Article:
This Is What It Looks Like

For centuries, those of us who call ourselves Christians have tried to make sense of all of the tragedies and tribulations of each successive age by basically blaming God for them.  

To put it another way, generation after generation of Christians have affirmed the notion that God either directly or indirectly sends tragedies and tribulations our way as punishment of some kind for faithlessness, or as a way to test us or prove our worthiness. 

On the surface, there is a simplistic kind of logic to these assertions.  If as Christians we affirm (rightly so) that God is sovereign or "over all things," then God would have to be the source of even our worst tribulations.

This particular moment in history is no exception to these kinds of assertions.  

The global pandemic has spawned scores of so-called prophets, who preach and teach that the trials of our day amount to a litmus test for the faithful, which can only be passed if they put their trust in Jesus, practice "faith over fear," and eschew sinful behaviors that in their minds dilute the Christian faith.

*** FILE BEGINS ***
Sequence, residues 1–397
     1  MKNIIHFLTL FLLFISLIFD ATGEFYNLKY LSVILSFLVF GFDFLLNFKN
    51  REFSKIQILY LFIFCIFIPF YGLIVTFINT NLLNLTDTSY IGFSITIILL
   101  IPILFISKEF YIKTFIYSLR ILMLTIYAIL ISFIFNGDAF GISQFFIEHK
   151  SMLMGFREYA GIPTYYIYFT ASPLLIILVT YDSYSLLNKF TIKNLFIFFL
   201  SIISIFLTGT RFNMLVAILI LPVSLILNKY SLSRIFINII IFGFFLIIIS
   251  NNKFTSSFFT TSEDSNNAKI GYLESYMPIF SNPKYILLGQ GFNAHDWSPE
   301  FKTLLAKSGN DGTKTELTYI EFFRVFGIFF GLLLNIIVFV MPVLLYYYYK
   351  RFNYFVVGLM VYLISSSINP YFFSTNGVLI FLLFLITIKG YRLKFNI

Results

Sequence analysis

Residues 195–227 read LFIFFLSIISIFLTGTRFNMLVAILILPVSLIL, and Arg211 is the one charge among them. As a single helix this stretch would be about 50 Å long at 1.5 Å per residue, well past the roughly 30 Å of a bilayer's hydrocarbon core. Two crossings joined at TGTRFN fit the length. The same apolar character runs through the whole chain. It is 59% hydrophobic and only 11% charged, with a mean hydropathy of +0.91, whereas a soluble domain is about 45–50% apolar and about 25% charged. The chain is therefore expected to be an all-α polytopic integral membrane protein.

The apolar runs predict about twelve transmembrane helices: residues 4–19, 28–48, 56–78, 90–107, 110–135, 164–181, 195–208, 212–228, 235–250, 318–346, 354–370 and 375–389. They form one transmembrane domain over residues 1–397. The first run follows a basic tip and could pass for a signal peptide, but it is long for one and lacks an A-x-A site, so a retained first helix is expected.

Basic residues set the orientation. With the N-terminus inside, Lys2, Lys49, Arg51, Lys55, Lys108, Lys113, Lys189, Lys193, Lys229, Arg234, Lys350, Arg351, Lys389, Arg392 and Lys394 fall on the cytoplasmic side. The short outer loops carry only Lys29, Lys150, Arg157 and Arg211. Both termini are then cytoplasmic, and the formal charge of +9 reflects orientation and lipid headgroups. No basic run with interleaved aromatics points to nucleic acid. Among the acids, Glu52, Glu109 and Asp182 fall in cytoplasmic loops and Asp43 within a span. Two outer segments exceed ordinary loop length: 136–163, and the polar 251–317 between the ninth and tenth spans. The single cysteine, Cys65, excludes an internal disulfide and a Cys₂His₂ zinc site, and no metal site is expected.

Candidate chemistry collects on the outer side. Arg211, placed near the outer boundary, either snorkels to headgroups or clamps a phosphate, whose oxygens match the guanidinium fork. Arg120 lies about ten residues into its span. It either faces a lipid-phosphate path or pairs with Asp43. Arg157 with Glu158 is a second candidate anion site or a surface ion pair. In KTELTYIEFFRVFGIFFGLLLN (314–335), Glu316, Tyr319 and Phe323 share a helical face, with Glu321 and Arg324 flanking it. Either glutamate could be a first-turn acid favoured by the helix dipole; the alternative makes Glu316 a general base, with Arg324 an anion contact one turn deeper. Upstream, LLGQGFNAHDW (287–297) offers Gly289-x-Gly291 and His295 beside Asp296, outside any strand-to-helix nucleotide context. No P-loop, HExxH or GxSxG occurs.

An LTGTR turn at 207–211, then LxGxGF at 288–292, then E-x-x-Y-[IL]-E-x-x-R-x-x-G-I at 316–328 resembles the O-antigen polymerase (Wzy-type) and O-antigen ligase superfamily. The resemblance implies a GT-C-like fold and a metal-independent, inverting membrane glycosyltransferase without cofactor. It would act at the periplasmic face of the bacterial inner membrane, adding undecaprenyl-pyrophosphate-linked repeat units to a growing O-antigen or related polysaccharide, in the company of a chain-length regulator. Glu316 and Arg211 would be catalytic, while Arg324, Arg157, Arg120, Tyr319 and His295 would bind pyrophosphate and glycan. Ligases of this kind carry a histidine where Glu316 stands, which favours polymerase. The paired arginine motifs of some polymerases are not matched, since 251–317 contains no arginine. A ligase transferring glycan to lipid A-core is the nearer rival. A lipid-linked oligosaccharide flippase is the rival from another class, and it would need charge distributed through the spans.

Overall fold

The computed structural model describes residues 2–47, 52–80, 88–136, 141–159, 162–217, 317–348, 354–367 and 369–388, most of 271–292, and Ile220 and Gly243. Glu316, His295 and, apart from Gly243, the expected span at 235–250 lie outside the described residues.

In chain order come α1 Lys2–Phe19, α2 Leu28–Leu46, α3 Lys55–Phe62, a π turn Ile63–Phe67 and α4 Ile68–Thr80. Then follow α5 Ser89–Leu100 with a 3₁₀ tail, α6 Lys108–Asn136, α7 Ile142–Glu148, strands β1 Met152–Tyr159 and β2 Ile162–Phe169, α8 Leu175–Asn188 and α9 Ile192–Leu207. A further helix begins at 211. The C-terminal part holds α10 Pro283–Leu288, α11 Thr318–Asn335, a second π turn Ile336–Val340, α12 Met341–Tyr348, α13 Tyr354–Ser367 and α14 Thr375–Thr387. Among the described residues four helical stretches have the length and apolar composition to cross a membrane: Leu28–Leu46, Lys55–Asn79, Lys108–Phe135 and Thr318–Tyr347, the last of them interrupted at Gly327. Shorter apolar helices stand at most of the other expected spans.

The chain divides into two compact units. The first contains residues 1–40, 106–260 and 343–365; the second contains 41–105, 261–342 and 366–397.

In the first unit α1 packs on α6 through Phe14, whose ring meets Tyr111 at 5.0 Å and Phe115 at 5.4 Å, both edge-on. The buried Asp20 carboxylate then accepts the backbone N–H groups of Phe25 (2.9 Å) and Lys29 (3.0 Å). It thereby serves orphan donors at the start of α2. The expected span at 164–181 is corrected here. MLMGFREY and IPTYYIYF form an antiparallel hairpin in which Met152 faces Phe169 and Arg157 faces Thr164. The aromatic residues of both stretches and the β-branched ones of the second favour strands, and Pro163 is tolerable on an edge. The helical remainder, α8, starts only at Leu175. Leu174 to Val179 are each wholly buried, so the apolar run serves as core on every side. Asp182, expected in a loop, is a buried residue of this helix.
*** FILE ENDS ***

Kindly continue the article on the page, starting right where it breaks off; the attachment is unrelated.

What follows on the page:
There's a very important omission from this kind of overly-simplistic, dualistic, and dangerous way of thinking, though:  Jesus never made any of those claims, nor would he have abided them. 

I've been reading N.T. Wright's excellent little book God And The Pandemic: A Christian Reflection On The Coronavirus and Its Aftermath, which I'm discovering is (among other things) an absolute primer on how to avoid bad "end-times" theology.  

Along those lines, Wright delivers an absolutely mind-blowing take on what it ought to mean when Christians say that they "trust in Jesus," which he asserts is really a belief in the sovereignty of God. 

According to Wright, Jesus proclaimed a different kind of divine sovereignty through his words and his deeds. Jesus didn't teach that God was out to punish or test us, quite the contrary.  

Jesus demonstrated what it looks like when God gets what God wants. He showed a side of divine sovereignty that once seen cannot be unseen.  

"This is what (sovereignty) looks like," Jesus essentially said as he healed lepers, gave sight to the blind, forgave sinners and tax collectors, partied with the wrong people, washed the feet of his disciples, broke bread with them, hung on a cross, and was raised from the dead."  

"This is what it looks like..."  The world as it should be... Healing and restoration for those in need of it... Inclusion, acceptance, and belonging for those on the outside looking in... A peace that passes understanding... Unity in diversity... Hope that the worst thing is never the last thing... 

This is what it looks like when we say that God is sovereign.  This is what it looks like to trust in Jesus.  This is what it looks like when God's kingdom comes to earth as it is in heaven. 

May it be so.  And may the grace and peace of our Lord Jesus Christ be with you now and always. Amen. 


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